Choosing to depend on your husband is not a weakness: an ally, a friend, counterpart intelligence is a powerful advantage. “In the beginning, God made them male and female.” Sure, there is mystery in marriage and it’s hard to work out for every one. But there is strength in “two-ness” like no other relationship. Since men have twice the muscle mass by normal body weight, natural protective instincts to go along, being married to a good man brings the power of two, “Two shall be one . . .” Men have drive and courage in combination with their innate power: to create, go where no one has gone, build high and mighty, and go deep and dangerous. Mark 10:6; Matthew 19:5
But you, as a woman, have innate creative genius, counterpart strengths that are uniquely female, equal to his and go alongside. Both of you are a beautiful combination of gifts. Women have “she-bear” like sensitivity and intuitive instincts just about everywhere in her domain. From your marriage to your domicile to your gifts to your work, your passion and drive should be recognized and respected . . . by you, by him, by the world. You shine as a female more than you can see.
So, a good marriage is worth the effort . . . though often marriage does not work that way. Why?
Should you choose to depend on the man you marry and along with him, work it out, you have a powerful advantage. He will always be on your side, good at what you are not, gifted where you are not, a protector: it’s a great thing!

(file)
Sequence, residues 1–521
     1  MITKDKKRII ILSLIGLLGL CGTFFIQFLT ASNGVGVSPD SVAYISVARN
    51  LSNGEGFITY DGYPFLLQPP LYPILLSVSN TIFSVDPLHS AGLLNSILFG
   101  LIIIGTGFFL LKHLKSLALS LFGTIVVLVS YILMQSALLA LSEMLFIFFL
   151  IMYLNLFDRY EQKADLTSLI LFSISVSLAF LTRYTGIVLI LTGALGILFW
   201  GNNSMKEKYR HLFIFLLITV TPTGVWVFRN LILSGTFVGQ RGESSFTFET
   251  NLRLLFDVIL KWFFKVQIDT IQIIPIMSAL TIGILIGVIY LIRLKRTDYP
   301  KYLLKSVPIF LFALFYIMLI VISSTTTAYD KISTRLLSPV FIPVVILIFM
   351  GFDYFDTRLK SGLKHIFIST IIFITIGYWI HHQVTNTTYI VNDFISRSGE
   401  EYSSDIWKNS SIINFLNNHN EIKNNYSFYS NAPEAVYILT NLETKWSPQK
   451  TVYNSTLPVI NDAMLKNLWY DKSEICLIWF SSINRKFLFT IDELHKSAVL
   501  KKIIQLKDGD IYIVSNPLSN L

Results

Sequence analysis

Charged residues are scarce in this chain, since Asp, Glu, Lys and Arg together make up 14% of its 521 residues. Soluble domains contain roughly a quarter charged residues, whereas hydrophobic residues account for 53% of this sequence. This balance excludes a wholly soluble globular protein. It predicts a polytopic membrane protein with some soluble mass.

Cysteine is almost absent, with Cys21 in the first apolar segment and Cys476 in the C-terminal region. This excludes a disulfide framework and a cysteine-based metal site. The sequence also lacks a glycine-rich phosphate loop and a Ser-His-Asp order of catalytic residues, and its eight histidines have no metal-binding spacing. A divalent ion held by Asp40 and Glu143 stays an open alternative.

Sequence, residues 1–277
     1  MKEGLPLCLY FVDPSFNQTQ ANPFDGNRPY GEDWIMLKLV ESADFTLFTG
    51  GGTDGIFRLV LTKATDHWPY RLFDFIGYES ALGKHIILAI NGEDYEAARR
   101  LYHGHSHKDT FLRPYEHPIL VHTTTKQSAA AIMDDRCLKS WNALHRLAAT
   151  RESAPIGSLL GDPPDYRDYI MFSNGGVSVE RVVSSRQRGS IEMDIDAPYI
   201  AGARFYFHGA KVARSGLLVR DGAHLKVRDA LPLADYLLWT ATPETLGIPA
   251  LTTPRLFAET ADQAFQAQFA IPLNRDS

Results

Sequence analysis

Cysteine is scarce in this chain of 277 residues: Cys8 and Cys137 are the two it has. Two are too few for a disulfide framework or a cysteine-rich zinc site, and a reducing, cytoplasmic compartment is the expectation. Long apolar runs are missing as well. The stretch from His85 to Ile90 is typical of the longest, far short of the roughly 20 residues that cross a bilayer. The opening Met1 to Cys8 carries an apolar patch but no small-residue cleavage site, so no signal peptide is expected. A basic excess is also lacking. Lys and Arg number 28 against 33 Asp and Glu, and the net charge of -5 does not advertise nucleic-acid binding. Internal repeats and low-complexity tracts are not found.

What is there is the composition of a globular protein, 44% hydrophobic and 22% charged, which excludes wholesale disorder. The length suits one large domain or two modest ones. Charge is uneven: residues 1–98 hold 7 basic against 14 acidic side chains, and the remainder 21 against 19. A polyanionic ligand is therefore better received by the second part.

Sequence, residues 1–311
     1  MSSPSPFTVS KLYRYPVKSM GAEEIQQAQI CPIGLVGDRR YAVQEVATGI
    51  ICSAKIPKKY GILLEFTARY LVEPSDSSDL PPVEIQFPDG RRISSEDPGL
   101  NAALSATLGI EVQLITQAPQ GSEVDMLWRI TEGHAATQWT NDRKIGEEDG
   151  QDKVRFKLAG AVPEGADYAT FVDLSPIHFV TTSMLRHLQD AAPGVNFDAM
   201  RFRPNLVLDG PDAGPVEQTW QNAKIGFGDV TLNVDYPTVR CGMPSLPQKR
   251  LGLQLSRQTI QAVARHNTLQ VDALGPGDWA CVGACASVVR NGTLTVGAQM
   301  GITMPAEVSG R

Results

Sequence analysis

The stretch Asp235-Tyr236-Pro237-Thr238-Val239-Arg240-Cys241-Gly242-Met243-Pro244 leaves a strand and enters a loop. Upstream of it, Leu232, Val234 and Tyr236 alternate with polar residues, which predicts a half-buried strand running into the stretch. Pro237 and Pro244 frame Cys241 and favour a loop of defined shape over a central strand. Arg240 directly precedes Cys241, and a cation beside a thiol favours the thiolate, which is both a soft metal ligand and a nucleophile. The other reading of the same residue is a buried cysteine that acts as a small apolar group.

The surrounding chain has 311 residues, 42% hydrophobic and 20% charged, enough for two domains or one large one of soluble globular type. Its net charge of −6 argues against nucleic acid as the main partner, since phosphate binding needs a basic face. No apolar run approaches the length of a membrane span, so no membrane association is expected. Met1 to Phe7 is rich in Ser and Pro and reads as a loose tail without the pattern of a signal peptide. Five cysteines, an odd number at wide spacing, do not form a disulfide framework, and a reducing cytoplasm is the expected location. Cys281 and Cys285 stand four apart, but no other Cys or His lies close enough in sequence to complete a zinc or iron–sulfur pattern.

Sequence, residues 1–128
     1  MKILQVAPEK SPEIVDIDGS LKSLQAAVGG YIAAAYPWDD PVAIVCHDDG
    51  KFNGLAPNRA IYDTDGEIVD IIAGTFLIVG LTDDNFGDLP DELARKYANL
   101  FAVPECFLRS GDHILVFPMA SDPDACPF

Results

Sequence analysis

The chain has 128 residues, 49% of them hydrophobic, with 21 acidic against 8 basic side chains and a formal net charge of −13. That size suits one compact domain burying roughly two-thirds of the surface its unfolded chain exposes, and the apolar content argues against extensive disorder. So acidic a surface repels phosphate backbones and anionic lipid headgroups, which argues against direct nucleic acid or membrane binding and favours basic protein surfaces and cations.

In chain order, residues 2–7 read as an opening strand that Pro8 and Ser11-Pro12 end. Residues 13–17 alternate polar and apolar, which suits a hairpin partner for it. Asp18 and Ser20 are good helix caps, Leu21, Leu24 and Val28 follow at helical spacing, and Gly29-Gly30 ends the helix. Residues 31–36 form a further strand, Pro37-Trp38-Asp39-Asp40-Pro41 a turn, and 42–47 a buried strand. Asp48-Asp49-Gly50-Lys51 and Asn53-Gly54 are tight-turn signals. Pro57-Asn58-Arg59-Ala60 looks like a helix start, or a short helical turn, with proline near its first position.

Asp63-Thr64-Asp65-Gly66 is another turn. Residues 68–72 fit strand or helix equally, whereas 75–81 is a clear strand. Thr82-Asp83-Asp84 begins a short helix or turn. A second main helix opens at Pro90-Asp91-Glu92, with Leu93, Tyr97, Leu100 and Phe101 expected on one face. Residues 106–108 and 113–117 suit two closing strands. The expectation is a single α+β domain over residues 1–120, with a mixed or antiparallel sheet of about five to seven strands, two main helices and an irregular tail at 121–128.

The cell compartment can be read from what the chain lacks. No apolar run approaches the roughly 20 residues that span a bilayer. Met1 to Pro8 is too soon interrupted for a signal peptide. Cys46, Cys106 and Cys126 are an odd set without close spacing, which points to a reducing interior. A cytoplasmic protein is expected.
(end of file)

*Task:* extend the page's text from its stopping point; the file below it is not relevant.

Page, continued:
Inside, where your mind and spirit work with your brain and body you are “fearfully and wonderfully made”. He is lucky to have you, and to depend upon you . . . it works both ways. Your strengths . . . (and weaknesses) are counterpart; they make you unique from every couple. This one of a kind blend of you and him is worth the risk, worth the effort to work out. Mark 10:6.
I am grateful; forty years ago now I began learning to count on him. Learning to trust Eric, learning what love from him means to me, how it benefits. I still learn from his perspective, his wisdom keeps surprising me. I have grown to depend on him. I have been learning to be trustworthy too: Biting my lip and listening, learning the profound meaning of the give and take of respect. I am more whole now by far than when I married Eric. I know deeply that I’m a vital member of the human race, a woman created in God’s image.
You are capable of growing whole on your own, with God’s guiding, of course, but a strong ally sure helps a lot. When first you practice the vital character traits of independence, (you think what you think for a reason!) expressing your opinions (when it’s with respect, it works so well) and combine this with the art of give and take in marriage, over time it will become natural to trust your husband. Now he knows how you think, what you feel and believe. (In the beginning of our marriage my hollow idea of the meaning of Biblical submission was silence; and my husband used to say, “How can I know what you think if you don’t tell me?”) I Co 6:16
It works both ways.
January this year began with Eric’s first grand mal seizure. February, breast cancer surfaced for me. Now, several months later, radiation for me and he has just had hip replacement surgery. Therapy and more therapy; it’s a funny scene in our house. Both of us are helping the other. We laugh at ourselves. Eric said, “Two of us together make three fourths of a person.” Dependence works both ways; we still say, “We’ve made each other.”